Management

Have the BIM Truth Talk with Your Boss, Part 3

22 Jun, 2011 By: Robert Green


In the last two editions of the CAD Manager's Newsletter, I encouraged you to have a "truth talk" with your management team about BIM (building information modeling) implementation. I also outlined some of the expectations (both realistic and not so realistic) that you'll have to manage as you prepare to undertake BIM.

In this edition, I want to expand our truth talk by sharing a BIM implementation technique that is virtually identical to what I've used for my mechanical CAD customers for years. The more I look at implementations, the more I've come to believe that managing that process for BIM is really no different than it is for any other 3D software. The BIM guys may call me a heretic for making it sound too simple, but here goes.

Expectations and Reality

As stated in the last two "truth talk" editions, management personnel must be educated so that their expectations align with the following truths:

  • BIM doesn't just happen
  • BIM implementation requires planning, training, and a financial investment
  • It takes years to change to a BIM culture.

On the other side of the equation, CAD managers must understand that management is guided by certain firm convictions:

  • We can't shut the company down for BIM
  • We'll convert to BIM when our customers require us to
  • We won't switch to BIM if it causes us to lose money
  • If BIM doesn't give us an advantage over our competitors, we won't implement it.

Even if it makes sense to implement BIM in your company, you'll have to do so within the confines of the above expectations.

Follow the Project Checklist

Here's a chronological checklist you can use to move the BIM agenda forward without running afoul of management's expectations.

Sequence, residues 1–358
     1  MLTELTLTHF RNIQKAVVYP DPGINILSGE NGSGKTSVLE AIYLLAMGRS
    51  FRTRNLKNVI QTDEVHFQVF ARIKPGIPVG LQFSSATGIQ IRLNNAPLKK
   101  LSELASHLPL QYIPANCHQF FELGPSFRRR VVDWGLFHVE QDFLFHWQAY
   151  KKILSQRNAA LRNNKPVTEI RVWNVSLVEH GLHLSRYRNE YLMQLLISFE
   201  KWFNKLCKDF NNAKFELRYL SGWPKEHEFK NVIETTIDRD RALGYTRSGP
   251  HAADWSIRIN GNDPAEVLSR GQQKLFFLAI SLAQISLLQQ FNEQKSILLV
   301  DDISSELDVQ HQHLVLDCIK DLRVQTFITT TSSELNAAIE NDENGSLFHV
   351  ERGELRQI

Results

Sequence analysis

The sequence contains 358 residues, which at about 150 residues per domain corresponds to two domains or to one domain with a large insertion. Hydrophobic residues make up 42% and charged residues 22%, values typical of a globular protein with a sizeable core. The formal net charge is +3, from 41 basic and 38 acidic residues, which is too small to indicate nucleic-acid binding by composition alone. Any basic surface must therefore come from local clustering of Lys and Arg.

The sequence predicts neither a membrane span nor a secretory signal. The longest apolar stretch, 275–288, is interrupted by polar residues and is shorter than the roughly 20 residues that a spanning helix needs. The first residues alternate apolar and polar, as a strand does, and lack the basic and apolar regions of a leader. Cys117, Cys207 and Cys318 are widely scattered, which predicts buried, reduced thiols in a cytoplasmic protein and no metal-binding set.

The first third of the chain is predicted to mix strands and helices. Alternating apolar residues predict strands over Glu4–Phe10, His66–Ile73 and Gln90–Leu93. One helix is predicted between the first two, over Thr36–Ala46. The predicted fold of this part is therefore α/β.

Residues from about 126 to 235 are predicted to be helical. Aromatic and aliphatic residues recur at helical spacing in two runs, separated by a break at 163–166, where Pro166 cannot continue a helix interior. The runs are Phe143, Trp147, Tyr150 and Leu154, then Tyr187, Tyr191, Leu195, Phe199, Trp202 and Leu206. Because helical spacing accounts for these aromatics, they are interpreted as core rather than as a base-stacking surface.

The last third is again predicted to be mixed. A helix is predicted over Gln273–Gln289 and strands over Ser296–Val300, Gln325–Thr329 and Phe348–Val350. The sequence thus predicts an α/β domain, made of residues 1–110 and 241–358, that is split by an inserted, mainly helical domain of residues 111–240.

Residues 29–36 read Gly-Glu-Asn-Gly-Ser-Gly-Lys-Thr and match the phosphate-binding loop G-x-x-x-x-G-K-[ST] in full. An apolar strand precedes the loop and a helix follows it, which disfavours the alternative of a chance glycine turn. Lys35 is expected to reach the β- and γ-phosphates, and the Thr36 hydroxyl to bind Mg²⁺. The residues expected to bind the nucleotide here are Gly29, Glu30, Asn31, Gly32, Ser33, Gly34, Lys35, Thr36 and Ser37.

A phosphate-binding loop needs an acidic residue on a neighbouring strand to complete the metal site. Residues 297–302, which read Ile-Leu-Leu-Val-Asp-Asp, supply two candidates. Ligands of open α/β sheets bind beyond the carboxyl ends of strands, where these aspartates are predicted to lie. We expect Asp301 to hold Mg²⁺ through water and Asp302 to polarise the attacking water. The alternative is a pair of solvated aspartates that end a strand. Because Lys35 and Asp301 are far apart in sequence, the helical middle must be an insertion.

1. Choose a BIM test project
  2. Select your test project staff
  3. Identify IT issues
  4. Line up reseller resources and other sources of support
  5. Use test project staff to evaluate training classes
  6. Work with test project staff to build standards and practices
  7. Forecast timelines and budgets.

You can already see that I'm an advocate of completing a test project to see how BIM will work on your real-life projects. All the sales literature and talk is simply conjecture until your staff members put the software to use. And as you work through the test project, you'll come to understand how your network systems, training curriculum, support personnel, and project standards will have to change to make BIM work.

Now let's break down the first half of the checklist, and establish some Dos and Don'ts.

Note: If your management team isn't willing to fund the process I've outlined above, they're not yet convinced that BIM is worthwhile!

Pick the perfect test project. Your first BIM project should pass the Goldilocks test: Not too hard, not too easy, but just right in terms of complexity. Remember that the goal of this project is to determine how the BIM design process will work in your environment, so go with a design task that is manageable and focus on the BIM learning curve.

Do: Take a typical design task that your team members understand and evaluate how it works using BIM methods.
Don't: Try to design the next Taj Mahal on your first BIM project.
 


Select the staff. Now that you've identified your test project, you can choose staff members who have the correct expertise to work on it. The tough part is you now have to pick people who will be able to learn the new BIM software tools as they work through the project. For the best outcome, seek out the following types of employees for your test project staff:

  • Those who volunteer — they're already motivated.
  • Those who view BIM as a career upgrade — they'll work harder.
  • Those who value standards and process — they'll help you establish the best BIM procedures.
  • Those who are flexible — they won't have as much trouble with new CAD tools.